Table 1
Descriptive item statistics, psychometric item properties and factor reliability of the PLOCQ‑G (Perceived Locus of Causality Questionnaire–German version)
Item number
M
SD
r id (all)
r id (final)
H (SD) (final)
α (final)
ω (final)
1 (AM)
1.95
1.64
0.70
0.70
0.60 (0.05)
0.86
0.86
2 (AM)
1.80
1.50
0.74
0.74
3 (AM)
2.05
1.68
0.65
0.65
4 (AM)
2.06
1.69
0.71
0.71
5 (ER)
2.50
2.14
0.57
0.56
0.51 (0.08)
0.81
0.81
6 (ER)
3.71
2.20
0.77
0.72
adouble (ER)
3.79
2.30
0.79
7 (ER)
2.45
2.09
0.61
0.60
8 (ER)
4.20
2.32
0.77
0.62
adouble (ER)
3.92
2.37
0.81
9 (IJ)
3.87
2.20
0.42
0.45
0.51 (0.19)
0.81
0.83
10 (IJ)
2.52
2.03
0.77
0.80
11 (IJ)
2.76
2.16
0.75
0.77
12 (IJ)
3.12
2.13
0.68
0.50
a12  double (IJ)
3.19
2.15
0.68
13 (ID)
4.89
1.89
0.73
0.73
0.58 (0.06)
0.85
0.85
14 (ID)
4.99
1.92
0.69
0.69
15 (ID)
5.09
1.84
0.71
0.71
16 (ID)
4.50
1.93
0.62
0.62
17 (IG)
3.82
2.08
0.79
0.76
0.76 (0.05)
0.93
0.93
18 (IG)
3.31
2.15
0.91
0.86
a18  double (IG)
3.53
2.35
0.86
19 (IG)
2.82
1.95
0.87
0.87
20 (IG)
2.98
1.93
0.86
0.82
a20  double (IG)
2.75
1.83
0.83
21 (IM)
5.37
1.82
0.68
0.69
0.65 (0.06)
0.88
0.88
22 (IM)
5.05
1.88
0.84
0.78
a22  double (IM)
4.72
1.90
0.83
23 (IM)
4.24
1.97
0.74
0.74
24 (IM)
4.82
1.90
0.81
0.76
M Mean and item difficulty, SD Standard deviation, double double item, in case more than one acceptable translation for a given item was revealed, r id (all) = item discrimination when all items are retained, r id (final) = item discrimination of the finally retained items (without double items), H (SD) (final) = item homogeneity of the final factors (without double items), α (final) = Cronbach alpha factor reliability of the final factors (without double items), ω (final) = Mc Donald’s omega factor reliability of the final factors (without double items), AM Amotivation, ER External Regulation, IJ Introjected Regulation, ID Identified Regulation, IG Integrated Regulation, IM Intrinsic Motivation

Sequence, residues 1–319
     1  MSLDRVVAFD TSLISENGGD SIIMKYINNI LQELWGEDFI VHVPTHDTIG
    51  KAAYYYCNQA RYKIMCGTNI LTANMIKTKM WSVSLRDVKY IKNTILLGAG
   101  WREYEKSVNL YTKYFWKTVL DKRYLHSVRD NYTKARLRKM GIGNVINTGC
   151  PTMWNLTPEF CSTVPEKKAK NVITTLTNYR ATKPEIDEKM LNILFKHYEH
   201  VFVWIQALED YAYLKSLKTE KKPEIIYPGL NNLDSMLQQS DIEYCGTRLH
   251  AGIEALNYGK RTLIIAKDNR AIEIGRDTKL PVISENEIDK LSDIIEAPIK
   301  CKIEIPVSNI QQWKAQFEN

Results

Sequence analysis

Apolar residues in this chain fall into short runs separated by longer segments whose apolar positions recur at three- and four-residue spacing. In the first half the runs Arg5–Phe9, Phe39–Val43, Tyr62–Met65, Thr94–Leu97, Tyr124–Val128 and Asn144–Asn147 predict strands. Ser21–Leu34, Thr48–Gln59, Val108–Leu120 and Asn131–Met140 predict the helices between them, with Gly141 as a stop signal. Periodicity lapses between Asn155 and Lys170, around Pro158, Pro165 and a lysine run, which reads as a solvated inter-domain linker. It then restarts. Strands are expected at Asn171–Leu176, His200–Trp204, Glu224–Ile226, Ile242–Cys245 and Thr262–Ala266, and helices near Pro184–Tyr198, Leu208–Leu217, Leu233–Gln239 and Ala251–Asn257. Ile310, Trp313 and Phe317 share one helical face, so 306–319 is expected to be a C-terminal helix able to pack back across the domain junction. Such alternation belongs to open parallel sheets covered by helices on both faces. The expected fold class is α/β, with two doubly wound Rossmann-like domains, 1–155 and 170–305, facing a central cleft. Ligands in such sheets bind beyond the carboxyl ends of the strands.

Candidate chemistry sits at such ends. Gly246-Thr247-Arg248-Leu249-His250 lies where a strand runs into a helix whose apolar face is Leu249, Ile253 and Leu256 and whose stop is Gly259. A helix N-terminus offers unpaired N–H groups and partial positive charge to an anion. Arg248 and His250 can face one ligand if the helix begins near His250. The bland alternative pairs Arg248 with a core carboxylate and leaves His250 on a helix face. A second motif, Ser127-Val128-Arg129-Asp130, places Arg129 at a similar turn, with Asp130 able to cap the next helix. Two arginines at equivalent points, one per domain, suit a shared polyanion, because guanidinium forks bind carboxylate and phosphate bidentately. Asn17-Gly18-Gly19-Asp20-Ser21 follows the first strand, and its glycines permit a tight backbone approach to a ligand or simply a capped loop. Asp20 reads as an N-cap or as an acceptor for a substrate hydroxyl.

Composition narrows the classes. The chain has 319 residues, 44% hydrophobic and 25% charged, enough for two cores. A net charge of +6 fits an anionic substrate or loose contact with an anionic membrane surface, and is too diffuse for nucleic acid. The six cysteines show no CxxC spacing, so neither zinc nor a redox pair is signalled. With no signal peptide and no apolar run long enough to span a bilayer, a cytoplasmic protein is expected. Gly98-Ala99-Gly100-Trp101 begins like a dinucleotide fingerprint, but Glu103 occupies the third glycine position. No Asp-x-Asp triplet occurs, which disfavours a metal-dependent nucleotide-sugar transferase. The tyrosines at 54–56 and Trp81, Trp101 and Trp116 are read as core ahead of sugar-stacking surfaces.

aItems 6 double (ER), 8 double (ER), 12 double (IJ), 18 double (IG), 20 double (IG), 22 double (IM) are not retained in the final questionnaire
Specific psychometric item properties.
The psychometric item properties are shown in Table  1. The item difficulties were low, medium, and high for each of the factors, as indicated by the aforementioned mean values. The item discrimination varied between r id = 0.45 and r id = 0.87. None of the items were under the recommended discrimination minimum of r id = 0.30 (Bühner, 2011). The item homogeneity was between H = 0.51 ( SD = 0.08) and H = 0.76 ( SD = 0.05). These values indicate that the factors were moderately to highly homogeneous.

Analysis of factor structure

Model fit.